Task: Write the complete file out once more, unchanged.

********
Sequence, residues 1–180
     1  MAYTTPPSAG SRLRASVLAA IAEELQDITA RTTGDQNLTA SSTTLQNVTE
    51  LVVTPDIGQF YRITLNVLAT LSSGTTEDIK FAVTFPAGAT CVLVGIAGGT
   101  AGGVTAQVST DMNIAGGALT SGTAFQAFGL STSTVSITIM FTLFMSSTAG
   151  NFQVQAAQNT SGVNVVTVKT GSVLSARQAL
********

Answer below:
Sequence, residues 1–180
     1  MAYTTPPSAG SRLRASVLAA IAEELQDITA RTTGDQNLTA SSTTLQNVTE
    51  LVVTPDIGQF YRITLNVLAT LSSGTTEDIK FAVTFPAGAT CVLVGIAGGT
   101  AGGVTAQVST DMNIAGGALT SGTAFQAFGL STSTVSITIM FTLFMSSTAG
   151  NFQVQAAQNT SGVNVVTVKT GSVLSARQAL